Wearable Tech + Digital Health NYC -June 7, 2016 @ the New York Academy of Sciences

NeuroTech NYC – June 8, 2016 @ the New York Academy of Sciences

 

VR + sensors improve accuracy, speed of PTSD diagnosis

PTSD is often misdiagnosed. Symptoms can be confused with those of depression.  Many clinicians lack the expertise needed to distinguish the condition, and therefore might not provide appropriate treatment.

To address this widespread dilemma, Draper has developed a diagnostic system that combines virtual reality data with psychophysiological sensors. The sensors monitor heart rate, sweat, and pupil diameter, while subjects experience different types of audio and visual stimuli.

Stimuli customized to a patient’s personal traumatic experience can generate robust psychophysiological responses. However,  the time needed to tailor stimuli  is often not available in a point-of-care setting.  Draper’s solution uses generalized stimuli that results in quicker, more accurate assessments.

Additional research will address larger samples over a wide geographic area, as well as patients suffering from multiple mental health issue and  chronic diseases.

According to Dr. Philip Parks, who oversees Draper’s neurotechnology portfolio: “Once diagnosed with a particular disorder, such as depression, most mental health patients get relatively the same treatment even though their symptoms and response to treatment choices may be quite different. We hope that one day these technologies will help clinicians ensure that patients get the best possible medication and other treatments at the right time.”

Dr. Parks will be a featured speaker at NeuroTech NYC on June 8th at the New York Academy of Sciences.


Wearable Tech + Digital Health San Francisco – April 5, 2016 @ the Mission Bay Conference Center

NeuroTech San Francisco – April 6 @ the Mission Bay Conference Center

Wearable Tech + Digital Health NYC – June 7, 2016 @ the New York Academy of Sciences

NeuroTech NYC – June 8, 2016 @ the New York Academy of Sciences

Brain state learning system adapts to user focus

BACh (Brain Automated Chorales) estimates brain workload using fNIRS to measure oxygen in the prefrontal cortex to help beginners learn to play Bach chorales.  The system offers new lessons when the brain isn’t overloaded with information.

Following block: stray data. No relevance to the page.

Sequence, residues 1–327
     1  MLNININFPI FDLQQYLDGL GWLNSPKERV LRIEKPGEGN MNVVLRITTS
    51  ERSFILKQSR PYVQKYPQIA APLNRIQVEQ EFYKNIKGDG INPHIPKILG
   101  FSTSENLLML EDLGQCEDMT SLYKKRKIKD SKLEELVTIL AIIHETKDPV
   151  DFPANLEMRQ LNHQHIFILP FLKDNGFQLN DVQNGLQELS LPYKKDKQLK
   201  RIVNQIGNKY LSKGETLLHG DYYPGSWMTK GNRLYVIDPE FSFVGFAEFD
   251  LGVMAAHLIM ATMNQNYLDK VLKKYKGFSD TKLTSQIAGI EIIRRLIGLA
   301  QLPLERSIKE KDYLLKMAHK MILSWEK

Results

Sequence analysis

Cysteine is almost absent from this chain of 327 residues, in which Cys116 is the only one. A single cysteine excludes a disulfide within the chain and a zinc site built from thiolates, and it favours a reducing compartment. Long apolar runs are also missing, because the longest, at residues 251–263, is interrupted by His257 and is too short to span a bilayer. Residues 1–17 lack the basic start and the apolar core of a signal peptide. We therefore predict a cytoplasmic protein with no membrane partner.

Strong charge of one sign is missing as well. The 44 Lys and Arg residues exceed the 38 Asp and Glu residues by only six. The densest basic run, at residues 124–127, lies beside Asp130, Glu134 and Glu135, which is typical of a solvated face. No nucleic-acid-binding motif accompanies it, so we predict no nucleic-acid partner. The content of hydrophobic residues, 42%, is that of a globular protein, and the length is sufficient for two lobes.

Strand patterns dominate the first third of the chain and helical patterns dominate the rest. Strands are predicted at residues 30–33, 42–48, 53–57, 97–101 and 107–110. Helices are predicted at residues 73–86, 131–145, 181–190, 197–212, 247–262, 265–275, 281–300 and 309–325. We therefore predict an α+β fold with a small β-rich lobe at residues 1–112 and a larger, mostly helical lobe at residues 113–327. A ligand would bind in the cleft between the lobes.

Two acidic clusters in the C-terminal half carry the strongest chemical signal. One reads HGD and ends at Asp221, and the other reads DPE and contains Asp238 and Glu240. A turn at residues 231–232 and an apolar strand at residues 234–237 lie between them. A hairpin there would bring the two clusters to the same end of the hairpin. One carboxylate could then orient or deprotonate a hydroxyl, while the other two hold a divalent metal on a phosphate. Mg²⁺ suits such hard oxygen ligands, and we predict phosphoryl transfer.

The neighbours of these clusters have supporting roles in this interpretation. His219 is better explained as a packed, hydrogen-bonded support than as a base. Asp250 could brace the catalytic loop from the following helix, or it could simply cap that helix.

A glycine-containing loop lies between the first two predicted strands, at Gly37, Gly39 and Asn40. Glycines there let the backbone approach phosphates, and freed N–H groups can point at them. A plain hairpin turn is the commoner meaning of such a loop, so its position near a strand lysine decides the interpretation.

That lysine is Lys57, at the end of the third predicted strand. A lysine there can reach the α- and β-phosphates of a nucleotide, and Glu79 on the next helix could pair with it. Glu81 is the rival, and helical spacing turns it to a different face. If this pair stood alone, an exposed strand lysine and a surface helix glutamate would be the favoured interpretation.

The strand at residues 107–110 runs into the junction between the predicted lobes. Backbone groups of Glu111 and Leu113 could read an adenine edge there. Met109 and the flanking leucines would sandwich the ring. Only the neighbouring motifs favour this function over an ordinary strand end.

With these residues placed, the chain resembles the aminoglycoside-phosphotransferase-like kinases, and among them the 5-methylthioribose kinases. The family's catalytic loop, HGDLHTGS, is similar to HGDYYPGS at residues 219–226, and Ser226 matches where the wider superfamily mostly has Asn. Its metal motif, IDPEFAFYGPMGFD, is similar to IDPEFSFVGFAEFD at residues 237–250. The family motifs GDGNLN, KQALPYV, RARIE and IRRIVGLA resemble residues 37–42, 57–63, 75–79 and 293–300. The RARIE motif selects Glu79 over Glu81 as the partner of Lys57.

Tufts Beste Yuksel and Robert Jacob, who developed the technology, believe that it can help with any type of learning, and specify math, engineering, programming, language and reading as examples.

In a recent study, 16 inexperienced piano players attempted to learn two chorales, one with the system’s assistance, and one with out. BACh first gave the musicians only the soprano line. When their cognitive load fell below a certain threshold, it added the bass part, then later the alto and tenor parts.  After 15 minutes, the pianists played more accurately and faster with BACh than without. Beginners saw more progress than intermediate level players.

The fNIRS machine is large, and Yuksel and Jacob are now working on a mobile system, which could incorporate emotion monitoring and feedback.


Wearable Tech + Digital Health San Francisco – April 5, 2016 @ the Mission Bay Conference Center

NeuroTech San Francisco – April 6, 2016 @ the Mission Bay Conference Center

Wearable Tech + Digital Health NYC – June 7, 2016 @ the New York Academy of Sciences

NeuroTech NYC – June 8, 2016 @ the New York Academy of Sciences

 

Pressure change sensor detects more fall types in seniors

SINTEF‘s Anders Liverud and Tellu AS colleagues have developed a fall detector able to detect more types of incidents, including “sinking falls” often missed by current sensors.

These slow motion falls are difficult to monitor as they occur slowly, and the g-forces are not significant.  Examples include when a senior slides down a wall, or off the side of a bed.

The new system compares pressure changes between a sensor attached to a user’s upper body and others installed around the house. When the pressure in the sensor attached to the body rises, the system shows that the user is falling, irrespective of how rapidly or slowly it happens.  Altitude changes of as little as one centimeter are registered.